I'm well aware that I'm in the minority that's not in love with Disney World; even some of my own family are addicts of the Magic Kingdom. But even if you love it, after a while you're bound to need relief from fictional, fantastic, futuristic or recreated landscapes...and fortunately, relief is just a short ride away.
The Tiber-Butler Nature Preserve was our escape on our travel day, after a week of family bonding and Disney living. It's barely three miles from the magic as the crow flies, but ten miles by road, and a world away. It's in an area that was once logged for cypress.
The park includes nearly 3.6 miles of hiking trails, many of which close from time to time depending on water levels in the swamps, cypress swamps and marshes. It's named for the lake it fronts, one of a chain of eleven. In addition to a wide variety of trees and plants, it has over 100 species of birds, including ospreys, owls and even bald eagles (though we didn't see any!)
The preserve land was acquired in the 1980s, in part to keep developers from filling the area and destroying habitat. Even so, development nearby has slowly altered the park, according to some hiking blogs. There's also a nature center and classroom near the entrance, named for Vera Carter, who was the county parks commissioner when the preserve was created.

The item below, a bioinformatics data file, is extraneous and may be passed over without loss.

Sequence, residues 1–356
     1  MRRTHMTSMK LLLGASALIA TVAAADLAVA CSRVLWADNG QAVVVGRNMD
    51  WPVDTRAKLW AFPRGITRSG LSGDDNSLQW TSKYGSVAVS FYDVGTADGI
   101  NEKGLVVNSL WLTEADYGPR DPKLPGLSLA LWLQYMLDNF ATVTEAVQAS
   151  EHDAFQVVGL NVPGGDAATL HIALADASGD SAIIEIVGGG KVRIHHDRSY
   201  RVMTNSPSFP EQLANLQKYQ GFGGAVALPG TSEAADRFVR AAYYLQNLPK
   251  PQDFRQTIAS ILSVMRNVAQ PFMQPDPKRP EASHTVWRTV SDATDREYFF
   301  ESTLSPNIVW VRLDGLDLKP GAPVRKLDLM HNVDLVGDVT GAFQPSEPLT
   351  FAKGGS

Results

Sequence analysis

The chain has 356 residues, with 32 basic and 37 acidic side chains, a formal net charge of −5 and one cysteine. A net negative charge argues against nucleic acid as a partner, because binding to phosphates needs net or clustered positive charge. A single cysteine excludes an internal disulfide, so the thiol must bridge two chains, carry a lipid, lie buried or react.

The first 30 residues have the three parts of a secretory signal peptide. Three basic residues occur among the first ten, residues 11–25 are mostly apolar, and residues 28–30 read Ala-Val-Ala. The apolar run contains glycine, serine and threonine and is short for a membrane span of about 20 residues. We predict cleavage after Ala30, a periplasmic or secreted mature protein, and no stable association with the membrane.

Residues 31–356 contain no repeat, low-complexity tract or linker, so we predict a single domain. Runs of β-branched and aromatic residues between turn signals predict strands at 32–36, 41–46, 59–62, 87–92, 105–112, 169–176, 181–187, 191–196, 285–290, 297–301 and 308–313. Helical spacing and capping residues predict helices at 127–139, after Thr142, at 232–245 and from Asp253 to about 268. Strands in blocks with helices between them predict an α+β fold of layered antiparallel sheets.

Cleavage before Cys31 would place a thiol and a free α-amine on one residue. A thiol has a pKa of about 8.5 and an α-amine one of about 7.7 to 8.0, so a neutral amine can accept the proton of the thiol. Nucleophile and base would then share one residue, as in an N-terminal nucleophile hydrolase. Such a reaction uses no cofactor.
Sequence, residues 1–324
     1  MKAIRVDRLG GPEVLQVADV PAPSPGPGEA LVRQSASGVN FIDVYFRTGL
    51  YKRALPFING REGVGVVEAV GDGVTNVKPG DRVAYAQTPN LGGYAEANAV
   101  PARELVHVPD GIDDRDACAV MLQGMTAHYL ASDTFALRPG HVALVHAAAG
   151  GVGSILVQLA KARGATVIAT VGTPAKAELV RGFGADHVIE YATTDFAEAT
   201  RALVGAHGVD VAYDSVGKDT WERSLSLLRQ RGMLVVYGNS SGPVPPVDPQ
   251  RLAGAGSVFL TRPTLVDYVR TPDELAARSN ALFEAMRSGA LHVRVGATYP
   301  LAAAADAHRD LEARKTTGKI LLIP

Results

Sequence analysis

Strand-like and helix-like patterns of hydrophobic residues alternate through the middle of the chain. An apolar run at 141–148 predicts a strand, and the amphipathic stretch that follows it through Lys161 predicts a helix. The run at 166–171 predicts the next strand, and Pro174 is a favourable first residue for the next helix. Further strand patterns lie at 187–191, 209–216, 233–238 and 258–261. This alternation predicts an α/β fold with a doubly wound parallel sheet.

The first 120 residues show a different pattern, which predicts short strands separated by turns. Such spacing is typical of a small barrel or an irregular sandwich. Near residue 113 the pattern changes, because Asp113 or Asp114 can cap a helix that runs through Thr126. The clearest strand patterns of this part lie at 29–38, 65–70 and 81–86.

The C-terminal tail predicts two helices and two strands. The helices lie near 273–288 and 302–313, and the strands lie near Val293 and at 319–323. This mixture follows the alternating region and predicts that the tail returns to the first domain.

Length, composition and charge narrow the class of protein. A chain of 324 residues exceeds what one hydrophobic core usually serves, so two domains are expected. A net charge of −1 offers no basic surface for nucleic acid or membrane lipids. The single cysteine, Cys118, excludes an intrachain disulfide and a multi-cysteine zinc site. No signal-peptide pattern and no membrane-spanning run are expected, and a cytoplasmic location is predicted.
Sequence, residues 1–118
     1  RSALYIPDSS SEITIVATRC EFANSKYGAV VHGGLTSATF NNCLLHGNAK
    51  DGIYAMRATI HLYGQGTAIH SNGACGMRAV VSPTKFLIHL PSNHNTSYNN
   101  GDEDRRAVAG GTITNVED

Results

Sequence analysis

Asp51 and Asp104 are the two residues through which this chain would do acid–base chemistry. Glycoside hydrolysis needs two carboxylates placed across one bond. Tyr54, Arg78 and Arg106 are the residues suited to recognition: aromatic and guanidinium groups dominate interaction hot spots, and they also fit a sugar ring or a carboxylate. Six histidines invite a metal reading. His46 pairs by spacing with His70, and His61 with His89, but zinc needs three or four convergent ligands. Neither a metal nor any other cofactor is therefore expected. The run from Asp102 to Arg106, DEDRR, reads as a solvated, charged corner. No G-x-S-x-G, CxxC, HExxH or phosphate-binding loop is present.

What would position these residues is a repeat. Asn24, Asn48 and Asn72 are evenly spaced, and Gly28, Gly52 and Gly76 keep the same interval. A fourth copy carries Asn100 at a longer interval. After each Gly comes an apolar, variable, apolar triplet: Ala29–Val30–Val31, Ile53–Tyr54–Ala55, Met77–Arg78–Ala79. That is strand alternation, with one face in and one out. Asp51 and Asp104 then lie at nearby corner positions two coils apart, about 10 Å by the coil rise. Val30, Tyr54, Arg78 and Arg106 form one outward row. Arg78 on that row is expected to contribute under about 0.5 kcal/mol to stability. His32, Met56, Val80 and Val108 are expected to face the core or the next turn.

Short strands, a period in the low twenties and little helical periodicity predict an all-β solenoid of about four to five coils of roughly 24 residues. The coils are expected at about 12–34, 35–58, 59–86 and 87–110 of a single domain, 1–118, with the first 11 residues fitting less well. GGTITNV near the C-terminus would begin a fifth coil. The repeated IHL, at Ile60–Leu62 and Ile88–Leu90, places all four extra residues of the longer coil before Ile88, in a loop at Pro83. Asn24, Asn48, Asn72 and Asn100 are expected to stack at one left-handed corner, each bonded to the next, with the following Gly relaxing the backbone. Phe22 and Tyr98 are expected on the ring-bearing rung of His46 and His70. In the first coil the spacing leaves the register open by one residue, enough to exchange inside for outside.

Our visit was shorter than we would have liked; heavy rains over the weeks before had raised water levels so that only one trail, the one with the boardwalk, was a sure bet without waders. And after seeing the warning signs, I wasn't sure I was interested even if I had waders!
Along the boardwalk route, there was plenty to see: many varieties of swamp plants, cypress itself, endless crickets, and a few places where there was clearly movement under the water, but no heads up to tell me whether it was frogs, alligators or fish.
The nature center runs programs at the preserve for local students, and some local Boy Scout groups have been involved in building and maintaining habitats.
Exhibits in the center include discussions of types of land within the area, the effects of logging in the past, how fire has played a role in maintaining the area, and more.
And, since Florida wouldn't be Florida without alligators, a couple of them (babies) are hanging out in a large tank in the center.
Near the entrance, there's a demonstration butterfly garden, planted with plants that attract butterflies. There were more, but the others were camera-shy.
The preserve is open daily from 8 a.m. to 6 p.m. Admission is free, and there's a picnic area available, complete with concrete turtle. Sadly, no public transport to the site at 8777 Winter Garden Vineland Road, Orlando.